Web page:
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It is interesting to contrast the fortunes of the two large shopping centres built on opposite sides of the Thames near Fiddler's Reach, particularly in terms of local transport provision. Lakeside, near Grays on the north side, opened in 1990 with a large but bleak bus station right on the edge of the site, and gained a couple of half hourly local services and a once a week shoppers express from Romford. Public transport was evidently not a priority, although a new station was eventually opened on the nearby railway line. In fairness, things have improved since then, with several TfL services and a much enhanced local bus service now provided by Ensign.
Bluewater, on the south side near Dartford, was by contrast immediately served by a large number of local bus routes and the extension of three London Transport routes from Dartford, plus a frequent feeder service to the nearest rail station. The bus station is much more passenger friendly, and has its own entrance that takes you into the heart of the shopping centre. The centre has more recently benefited from a high quality service using dedicated bus only roads, known as Fastrack (route B) and funded by Kent Count Council. There are now around 60 departures an hour all told, which compares favourably with Lakeside's dozen or so. Bluewater's closer proximity to the suburbs of London undoubtedly helps, but a more enlightened management approach is fundamental.
On the TfL front, routes 428 and 492 provide a more local function, but the 96 provides an intensive service from Bexleyheath and Woolwich and was an immediate success. The 96 extension was actually introduced commercially by Stagecoach Selkent when the contract was let on net cost terms – an arrangement in which the operator keeps the revenue, and can therefore take commercial risks. This one clearly paid off even though the service level seemed excessive.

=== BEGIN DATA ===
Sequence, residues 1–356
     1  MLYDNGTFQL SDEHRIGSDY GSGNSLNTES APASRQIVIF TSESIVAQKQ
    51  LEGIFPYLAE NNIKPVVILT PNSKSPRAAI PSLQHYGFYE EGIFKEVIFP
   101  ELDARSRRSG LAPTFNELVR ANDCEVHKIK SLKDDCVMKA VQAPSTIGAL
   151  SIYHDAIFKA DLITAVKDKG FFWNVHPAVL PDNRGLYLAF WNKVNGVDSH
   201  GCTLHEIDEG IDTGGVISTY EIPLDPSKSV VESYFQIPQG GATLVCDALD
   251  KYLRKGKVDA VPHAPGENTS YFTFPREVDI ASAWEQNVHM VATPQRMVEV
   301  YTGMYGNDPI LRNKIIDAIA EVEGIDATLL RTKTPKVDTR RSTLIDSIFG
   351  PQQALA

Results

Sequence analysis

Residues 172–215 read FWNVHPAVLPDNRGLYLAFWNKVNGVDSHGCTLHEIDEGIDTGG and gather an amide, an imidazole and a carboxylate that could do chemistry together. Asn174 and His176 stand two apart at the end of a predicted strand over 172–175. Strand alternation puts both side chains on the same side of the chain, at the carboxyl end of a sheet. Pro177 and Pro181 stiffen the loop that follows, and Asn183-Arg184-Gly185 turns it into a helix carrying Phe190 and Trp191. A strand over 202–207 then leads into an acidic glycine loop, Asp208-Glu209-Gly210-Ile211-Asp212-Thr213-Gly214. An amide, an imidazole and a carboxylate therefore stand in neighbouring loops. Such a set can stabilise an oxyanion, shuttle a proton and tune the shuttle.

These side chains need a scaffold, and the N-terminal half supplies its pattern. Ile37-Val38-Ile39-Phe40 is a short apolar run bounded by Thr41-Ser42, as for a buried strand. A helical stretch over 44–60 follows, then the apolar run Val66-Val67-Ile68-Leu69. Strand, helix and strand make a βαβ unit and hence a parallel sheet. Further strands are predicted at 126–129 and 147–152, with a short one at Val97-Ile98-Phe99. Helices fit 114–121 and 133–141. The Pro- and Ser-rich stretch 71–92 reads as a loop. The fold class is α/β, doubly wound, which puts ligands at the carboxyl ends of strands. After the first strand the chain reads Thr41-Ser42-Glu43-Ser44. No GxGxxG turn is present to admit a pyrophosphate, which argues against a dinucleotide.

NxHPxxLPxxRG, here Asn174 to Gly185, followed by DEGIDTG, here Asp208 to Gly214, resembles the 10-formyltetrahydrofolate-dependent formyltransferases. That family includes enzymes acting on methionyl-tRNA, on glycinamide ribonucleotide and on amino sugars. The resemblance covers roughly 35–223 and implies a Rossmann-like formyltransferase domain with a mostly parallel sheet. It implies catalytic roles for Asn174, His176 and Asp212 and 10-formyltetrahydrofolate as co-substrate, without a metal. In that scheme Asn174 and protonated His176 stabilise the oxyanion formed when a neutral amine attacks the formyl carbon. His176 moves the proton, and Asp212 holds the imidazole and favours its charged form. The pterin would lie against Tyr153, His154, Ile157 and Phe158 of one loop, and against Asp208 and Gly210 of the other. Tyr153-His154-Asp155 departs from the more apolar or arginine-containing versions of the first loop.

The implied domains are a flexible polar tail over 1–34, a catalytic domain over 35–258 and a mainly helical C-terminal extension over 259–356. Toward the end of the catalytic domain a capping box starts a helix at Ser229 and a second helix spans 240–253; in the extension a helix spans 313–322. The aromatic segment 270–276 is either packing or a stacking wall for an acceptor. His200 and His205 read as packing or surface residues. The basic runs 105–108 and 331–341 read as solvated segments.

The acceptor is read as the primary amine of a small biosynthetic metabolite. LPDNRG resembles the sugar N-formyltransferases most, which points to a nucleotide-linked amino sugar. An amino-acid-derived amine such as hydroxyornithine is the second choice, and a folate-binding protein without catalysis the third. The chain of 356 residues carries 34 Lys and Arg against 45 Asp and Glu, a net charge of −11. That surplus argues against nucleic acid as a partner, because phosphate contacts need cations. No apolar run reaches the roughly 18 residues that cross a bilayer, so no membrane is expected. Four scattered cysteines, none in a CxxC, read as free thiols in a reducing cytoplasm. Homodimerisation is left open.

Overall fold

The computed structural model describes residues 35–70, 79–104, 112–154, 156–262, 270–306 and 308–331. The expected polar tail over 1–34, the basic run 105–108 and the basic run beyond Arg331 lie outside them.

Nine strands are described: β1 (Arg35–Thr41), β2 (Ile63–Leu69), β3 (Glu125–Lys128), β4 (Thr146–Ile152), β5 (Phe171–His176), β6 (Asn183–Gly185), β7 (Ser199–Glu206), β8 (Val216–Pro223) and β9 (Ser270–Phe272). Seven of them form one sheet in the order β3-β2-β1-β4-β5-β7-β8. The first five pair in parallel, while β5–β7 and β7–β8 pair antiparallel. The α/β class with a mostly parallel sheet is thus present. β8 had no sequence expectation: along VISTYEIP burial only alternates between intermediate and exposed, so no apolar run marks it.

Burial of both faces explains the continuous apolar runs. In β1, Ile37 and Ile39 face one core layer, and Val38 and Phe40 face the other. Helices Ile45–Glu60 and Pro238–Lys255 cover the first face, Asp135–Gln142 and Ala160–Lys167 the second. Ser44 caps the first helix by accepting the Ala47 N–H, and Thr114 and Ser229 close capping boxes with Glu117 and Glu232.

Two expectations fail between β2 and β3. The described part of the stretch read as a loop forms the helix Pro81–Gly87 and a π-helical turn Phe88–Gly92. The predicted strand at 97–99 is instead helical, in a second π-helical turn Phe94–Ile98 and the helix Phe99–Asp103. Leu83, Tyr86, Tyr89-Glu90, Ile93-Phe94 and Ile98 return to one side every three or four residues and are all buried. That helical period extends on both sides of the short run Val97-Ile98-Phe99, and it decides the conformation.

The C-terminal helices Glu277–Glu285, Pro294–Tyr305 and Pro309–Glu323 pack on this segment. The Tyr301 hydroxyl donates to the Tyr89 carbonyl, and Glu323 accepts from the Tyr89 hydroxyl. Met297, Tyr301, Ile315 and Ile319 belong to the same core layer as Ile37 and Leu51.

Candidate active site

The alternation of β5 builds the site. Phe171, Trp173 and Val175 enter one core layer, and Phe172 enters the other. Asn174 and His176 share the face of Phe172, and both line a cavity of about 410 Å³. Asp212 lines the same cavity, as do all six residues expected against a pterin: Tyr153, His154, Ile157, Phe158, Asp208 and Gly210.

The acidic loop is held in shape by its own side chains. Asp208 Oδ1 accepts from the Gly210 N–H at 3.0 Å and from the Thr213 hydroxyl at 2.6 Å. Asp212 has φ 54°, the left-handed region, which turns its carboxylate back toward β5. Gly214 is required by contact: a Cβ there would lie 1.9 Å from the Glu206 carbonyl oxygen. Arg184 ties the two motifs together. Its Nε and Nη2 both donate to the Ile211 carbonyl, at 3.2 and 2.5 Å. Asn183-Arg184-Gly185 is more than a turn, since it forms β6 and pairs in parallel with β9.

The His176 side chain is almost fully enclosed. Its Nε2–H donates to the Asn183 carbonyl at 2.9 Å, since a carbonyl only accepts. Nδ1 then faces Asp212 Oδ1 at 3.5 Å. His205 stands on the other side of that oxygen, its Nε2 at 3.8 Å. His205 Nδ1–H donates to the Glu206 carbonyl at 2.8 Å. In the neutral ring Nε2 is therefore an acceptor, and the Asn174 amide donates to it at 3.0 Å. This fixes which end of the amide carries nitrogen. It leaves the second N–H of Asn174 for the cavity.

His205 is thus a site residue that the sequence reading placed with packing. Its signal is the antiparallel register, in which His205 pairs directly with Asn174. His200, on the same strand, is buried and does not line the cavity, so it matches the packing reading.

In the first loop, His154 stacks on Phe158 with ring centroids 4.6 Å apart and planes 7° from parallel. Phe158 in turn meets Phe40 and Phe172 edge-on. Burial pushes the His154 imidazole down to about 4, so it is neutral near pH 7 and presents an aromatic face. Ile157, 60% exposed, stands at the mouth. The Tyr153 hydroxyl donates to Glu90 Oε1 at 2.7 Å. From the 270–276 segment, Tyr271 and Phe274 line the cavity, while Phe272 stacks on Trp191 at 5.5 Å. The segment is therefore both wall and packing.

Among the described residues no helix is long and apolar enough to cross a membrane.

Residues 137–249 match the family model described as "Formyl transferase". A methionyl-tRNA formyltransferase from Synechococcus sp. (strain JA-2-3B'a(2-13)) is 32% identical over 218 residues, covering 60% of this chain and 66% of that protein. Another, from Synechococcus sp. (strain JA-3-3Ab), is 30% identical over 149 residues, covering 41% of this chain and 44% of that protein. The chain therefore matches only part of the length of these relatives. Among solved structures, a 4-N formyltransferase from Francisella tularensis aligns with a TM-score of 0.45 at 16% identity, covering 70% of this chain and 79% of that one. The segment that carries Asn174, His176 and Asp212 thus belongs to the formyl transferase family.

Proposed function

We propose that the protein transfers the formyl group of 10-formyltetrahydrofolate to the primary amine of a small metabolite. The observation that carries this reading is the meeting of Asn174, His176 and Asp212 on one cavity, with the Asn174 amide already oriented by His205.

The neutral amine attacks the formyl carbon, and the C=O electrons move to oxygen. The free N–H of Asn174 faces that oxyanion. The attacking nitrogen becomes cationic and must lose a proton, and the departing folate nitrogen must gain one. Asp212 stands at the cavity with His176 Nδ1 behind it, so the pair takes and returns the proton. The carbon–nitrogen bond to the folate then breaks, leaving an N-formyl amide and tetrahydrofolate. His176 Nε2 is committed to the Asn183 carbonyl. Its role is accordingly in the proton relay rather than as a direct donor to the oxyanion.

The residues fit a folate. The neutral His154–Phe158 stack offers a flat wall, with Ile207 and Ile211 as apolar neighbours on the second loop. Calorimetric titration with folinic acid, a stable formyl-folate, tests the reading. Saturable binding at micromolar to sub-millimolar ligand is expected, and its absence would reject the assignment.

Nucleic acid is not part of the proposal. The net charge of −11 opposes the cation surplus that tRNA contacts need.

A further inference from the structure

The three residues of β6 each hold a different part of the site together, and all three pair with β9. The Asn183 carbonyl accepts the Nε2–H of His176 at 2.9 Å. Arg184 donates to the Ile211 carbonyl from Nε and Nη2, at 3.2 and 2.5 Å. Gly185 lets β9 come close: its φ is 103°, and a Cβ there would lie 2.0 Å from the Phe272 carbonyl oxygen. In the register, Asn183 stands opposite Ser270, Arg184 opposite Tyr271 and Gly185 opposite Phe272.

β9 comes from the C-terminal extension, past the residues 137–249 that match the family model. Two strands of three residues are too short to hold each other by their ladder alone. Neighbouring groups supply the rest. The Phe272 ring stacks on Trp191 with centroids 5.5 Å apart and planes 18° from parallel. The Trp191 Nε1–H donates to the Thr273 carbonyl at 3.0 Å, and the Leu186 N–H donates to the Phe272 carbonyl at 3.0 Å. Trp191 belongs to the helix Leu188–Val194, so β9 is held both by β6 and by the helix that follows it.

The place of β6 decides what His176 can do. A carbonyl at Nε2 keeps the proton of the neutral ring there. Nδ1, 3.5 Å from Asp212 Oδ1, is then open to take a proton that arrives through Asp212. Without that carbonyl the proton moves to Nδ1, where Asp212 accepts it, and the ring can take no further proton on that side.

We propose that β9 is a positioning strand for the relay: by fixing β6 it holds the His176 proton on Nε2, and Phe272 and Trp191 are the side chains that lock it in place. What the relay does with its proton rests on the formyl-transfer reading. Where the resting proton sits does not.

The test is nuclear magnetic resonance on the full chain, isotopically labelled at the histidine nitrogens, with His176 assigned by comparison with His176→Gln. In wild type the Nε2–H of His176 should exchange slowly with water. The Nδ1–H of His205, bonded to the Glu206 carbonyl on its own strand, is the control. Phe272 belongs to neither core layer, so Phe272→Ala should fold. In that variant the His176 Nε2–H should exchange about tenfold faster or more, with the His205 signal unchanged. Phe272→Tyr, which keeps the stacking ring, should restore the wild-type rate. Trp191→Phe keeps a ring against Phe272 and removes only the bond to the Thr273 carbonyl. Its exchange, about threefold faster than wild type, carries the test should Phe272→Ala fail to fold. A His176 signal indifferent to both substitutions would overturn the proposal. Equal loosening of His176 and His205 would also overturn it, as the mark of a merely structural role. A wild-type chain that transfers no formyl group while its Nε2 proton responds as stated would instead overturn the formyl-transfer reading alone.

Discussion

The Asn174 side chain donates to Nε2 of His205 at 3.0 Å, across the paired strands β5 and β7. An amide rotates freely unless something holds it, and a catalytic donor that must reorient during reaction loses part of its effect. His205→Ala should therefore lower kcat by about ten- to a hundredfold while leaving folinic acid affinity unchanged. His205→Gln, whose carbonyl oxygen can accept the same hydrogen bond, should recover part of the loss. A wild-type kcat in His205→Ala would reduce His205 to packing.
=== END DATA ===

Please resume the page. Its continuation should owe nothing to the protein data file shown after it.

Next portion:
The section from Woolwich to Dartford via Welling and Bexleyheath is well established. Prior to being motor bus 96 it was trolleybus 696 over the same route until 1959, and before that it was tram route 96 (interestingly continuing to Horns Cross) until 24 November 1935. So the extension to Bluewater from 13 March 1999 was the first major route change for a long time. Buses run non-stop, originally via Horns Cross, although as a result of persistent problems with stone throwing in the Stone(!) area buses normally now run via Watling Street, which is roughly the same distance.
The extension was introduced before the centre opened to the public, running initially for the benefit of staff. Initially buses only ran during appropriate times, continuing to terminate at Dartford in the early mornings and evenings. Buses ran every 10 minutes on Mondays to Saturdays, and the Sunday service was improved to every 12 minutes. The route was an early recipient of Dennis Trident low floor double deckers, although Olympians continued to appear from time to time until they were withdrawn.